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XXXVI. And Tasso is their glory and their shame. Hark to his strain ! and then survey his cell! And see how dearly earn’d Torquato's fame, And where Alfonso bade his poet dwell: The miserable despot could not quell The insulted mind he sought to quench, and blend With the surrounding maniacs, in the hell Where he had plung'd it. Glory without end Scatter'd the clouds away—and on that name attend

XXXVII. The tears and praises of all time; while thine Would rot in its oblivion-in the sink Of worthless dust, which from thy boasted line Is shaken into nothing; but the link Thou formest in his fortunes bids us think Of thy poor malice, naming thee with scorn Alfonso ! how thy ducal pageants shrink From thee! if in another station born, Scarce fit to be the slave of him thou mad'st to mourn:

XXXVIII.

Thou! form'd to eat, and be despis'd, and die,
Even as the beasts that perish, save that thou
Hadst a more splendid trough and wider sty:
He! with a glory round his furrow'd brow,
Which emanated then, and dazzles now
In face of all his foes, the Cruscan quire,
And Boileau, whose rash envy could allow 18
No strain which shamed his country's creaking lyre,
That whetstone of the teeth-monotony in wire!

XXXIX

Peace to Torquato's injur'd shade! 'twas his
In life and death to be the mark where Wrong
Aim'd with her poison'd arrows; but to miss.
Oh, victor unsurpassd' in modern song!
Each year brings forth its millions; but how long
The tide of generations shall roll on,

And not the whole combin'd and countless throng Compose a mind like thine? though all in one Condens'd their scatter'd rays, they would not form

á sun.

XL.

Great as thou art, yet parallel'd by those,
Thy countrymen, before thee born to shine,
The Bards of Hell and Chivalry: first rose
The Tuscan father's comedy divine;
Then not unequal to the Florentine,

The southern Scott, the minstrel who call'd forth
A new creation with his magic line,

And, like the Ariosto of the North,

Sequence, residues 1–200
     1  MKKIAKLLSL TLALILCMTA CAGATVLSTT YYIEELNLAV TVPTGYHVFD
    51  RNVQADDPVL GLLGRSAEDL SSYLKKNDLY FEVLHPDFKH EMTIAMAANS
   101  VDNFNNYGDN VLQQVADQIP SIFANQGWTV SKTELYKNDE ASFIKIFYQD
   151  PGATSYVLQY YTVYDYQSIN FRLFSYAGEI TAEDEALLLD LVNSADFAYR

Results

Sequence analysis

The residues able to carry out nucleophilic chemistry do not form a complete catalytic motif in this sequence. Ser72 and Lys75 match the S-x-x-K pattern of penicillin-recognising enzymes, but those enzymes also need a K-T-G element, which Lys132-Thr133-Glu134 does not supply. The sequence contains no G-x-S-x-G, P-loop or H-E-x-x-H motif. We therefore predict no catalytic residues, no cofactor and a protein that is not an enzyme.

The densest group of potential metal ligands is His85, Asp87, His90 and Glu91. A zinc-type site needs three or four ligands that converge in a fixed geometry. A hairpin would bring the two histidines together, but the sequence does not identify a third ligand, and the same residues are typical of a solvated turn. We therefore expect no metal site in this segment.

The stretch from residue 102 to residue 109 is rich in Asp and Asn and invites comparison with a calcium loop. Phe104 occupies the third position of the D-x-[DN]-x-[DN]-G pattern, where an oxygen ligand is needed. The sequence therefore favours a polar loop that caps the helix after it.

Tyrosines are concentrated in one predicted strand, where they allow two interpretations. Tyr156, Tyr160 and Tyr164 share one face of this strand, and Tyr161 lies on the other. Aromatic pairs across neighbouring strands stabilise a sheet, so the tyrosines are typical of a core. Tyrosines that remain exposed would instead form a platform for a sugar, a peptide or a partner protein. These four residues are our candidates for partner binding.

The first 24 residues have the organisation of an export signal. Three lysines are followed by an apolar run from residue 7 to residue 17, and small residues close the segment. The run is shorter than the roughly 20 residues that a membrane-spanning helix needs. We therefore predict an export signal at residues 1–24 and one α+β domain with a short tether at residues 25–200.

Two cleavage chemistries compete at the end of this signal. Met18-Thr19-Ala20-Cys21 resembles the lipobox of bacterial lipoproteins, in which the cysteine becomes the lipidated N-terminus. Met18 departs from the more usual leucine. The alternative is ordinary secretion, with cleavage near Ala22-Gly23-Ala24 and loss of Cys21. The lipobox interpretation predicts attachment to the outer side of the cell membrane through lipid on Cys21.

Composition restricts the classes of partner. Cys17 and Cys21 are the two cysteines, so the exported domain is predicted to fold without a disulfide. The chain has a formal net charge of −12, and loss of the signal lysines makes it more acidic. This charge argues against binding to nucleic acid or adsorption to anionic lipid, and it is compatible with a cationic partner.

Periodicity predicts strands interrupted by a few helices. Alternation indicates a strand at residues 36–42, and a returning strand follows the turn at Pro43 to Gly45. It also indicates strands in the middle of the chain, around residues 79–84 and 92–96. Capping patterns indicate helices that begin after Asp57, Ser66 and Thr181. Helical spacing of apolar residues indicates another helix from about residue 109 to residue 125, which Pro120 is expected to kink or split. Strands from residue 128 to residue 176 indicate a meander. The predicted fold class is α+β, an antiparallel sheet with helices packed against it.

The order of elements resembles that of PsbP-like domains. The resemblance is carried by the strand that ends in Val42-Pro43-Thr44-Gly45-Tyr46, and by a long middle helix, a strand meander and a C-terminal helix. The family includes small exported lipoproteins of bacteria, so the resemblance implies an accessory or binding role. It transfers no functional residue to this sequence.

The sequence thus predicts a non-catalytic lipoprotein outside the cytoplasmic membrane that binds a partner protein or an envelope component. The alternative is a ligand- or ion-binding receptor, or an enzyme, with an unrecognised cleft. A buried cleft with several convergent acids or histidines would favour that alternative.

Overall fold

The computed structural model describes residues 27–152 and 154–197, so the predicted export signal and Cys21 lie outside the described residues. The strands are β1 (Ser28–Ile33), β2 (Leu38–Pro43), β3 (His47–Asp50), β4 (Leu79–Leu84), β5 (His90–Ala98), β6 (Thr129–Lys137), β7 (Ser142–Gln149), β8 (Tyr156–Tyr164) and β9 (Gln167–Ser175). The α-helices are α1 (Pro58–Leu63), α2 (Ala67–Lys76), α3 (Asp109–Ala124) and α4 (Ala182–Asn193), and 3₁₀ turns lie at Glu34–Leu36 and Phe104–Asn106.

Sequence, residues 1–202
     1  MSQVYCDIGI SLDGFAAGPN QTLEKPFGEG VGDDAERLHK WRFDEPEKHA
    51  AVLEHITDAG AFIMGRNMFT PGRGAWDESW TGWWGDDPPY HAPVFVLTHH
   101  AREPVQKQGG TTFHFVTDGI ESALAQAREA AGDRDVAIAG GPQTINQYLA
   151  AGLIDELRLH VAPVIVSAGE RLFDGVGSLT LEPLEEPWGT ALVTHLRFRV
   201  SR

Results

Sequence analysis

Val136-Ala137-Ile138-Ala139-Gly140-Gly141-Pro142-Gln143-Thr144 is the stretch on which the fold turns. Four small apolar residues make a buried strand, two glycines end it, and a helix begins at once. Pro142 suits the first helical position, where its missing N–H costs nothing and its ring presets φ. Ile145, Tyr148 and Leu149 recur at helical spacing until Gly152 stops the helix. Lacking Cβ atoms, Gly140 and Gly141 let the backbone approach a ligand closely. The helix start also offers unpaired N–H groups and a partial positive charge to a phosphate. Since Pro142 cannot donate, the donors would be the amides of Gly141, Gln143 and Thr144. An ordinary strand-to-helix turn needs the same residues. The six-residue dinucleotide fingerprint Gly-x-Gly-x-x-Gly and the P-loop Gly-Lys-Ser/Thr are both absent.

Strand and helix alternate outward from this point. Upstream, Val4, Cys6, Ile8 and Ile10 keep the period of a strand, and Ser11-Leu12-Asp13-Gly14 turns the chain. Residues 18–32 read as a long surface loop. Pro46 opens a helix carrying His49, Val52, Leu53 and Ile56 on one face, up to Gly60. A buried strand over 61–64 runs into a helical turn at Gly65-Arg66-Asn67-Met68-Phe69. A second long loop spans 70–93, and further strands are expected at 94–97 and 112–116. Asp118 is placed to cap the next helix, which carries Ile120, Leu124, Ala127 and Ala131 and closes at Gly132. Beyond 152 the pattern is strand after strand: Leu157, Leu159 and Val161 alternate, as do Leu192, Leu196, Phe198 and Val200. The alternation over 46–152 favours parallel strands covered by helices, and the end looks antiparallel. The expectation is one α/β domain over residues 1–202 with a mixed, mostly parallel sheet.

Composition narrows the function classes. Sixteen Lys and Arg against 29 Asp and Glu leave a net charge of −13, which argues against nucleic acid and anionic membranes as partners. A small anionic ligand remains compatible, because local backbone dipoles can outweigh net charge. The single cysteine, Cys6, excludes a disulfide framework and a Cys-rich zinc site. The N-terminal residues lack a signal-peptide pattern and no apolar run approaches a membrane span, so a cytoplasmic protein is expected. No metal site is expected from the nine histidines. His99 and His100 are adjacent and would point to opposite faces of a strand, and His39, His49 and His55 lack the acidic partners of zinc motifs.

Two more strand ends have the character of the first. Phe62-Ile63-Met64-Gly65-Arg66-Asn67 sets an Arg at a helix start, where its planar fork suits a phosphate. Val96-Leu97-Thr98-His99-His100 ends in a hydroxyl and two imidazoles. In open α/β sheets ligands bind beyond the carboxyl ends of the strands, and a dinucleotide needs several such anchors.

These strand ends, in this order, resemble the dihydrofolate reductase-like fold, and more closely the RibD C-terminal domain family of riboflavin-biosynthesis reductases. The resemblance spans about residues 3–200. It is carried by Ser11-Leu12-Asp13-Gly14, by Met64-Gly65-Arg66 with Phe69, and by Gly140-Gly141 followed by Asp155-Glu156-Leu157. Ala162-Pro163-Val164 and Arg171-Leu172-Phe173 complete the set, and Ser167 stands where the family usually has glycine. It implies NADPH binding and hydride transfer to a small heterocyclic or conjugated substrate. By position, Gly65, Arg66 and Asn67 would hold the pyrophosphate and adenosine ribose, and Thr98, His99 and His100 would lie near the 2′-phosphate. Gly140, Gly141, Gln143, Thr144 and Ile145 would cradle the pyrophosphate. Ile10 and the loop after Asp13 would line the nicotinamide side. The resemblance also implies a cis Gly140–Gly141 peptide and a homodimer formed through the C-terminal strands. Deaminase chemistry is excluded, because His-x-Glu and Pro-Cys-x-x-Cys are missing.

Sang ladye-love and war, romance and knightly worth.

XLI.

The lightning rent from Ariosto's bust 19
The iron crown of laurel's mimic'd leaves

Nor was the ominous element unjust,

For the true laurel - wreath which Glory weaves 20
Is of the tree no bolt of thunder cleaves,

And the false semblance but disgraced his brow;
Yet still, if fondly Superstition grieves,
Know, that the lightning sanctifies below 21
Whate'er it strikes;-yon head is doubly sacred now.

VOL. VII.

H

LXII.

Italia! oh Italia! thou who hast 22

The fatal gift of beauty, which became

A funeral dower of present woes and past, On thy sweet brow is sorrow plough'd by shame, And annals graved in characters of flame. Oh God! that thou wert in thy nakedness Less lovely or more powerful, and could'st claim Thy right, and awe the robbers back, who press To shed thy blood, and drink the tears of thy distress;

XLIII.

Then might'st thou more appal; or, less desired,
Be homely and be peaceful, undeplored
For thy destructive charms; then, still untired,
Would not be seen the armed torrents pour'd
Down the deep Alps; nor would the hostile hordé
Of many - nation'd spoilers from the Po

Quaff blood and water; nor the stranger's sword
Be thy sad weapon of defence, and so,

Victor or vanquish'd, thou the slave of friend or foe.

XLIV.

Wandering in youth, I traced the path of him, 23 The Roman friend of Rome's least - mortal mind, The friend of Tully: as my bark did skim The bright blue waters with a fanning wind, Came Megara before me, and behind Aegina, lay, Piraeus on the right, And Corinth on the left; I lay reclined Along the prow, and saw all these unite In ruin, even as he had seen the desolate sight;

1

XLV.

For Time hath not rebuilt them, but uprear'd Barbaric dwellings on their shatter'd site, Which only make more murn'd and more endear'd The few last rays of their far- scatter'd light, And the crush'd relics of their vanish'd might. The Roman saw these tombs in his own age, These sepulchres of cities, which excite Sad wonder, and his yet surviving page The moral lesson bears, drawn from such pilgrimage.

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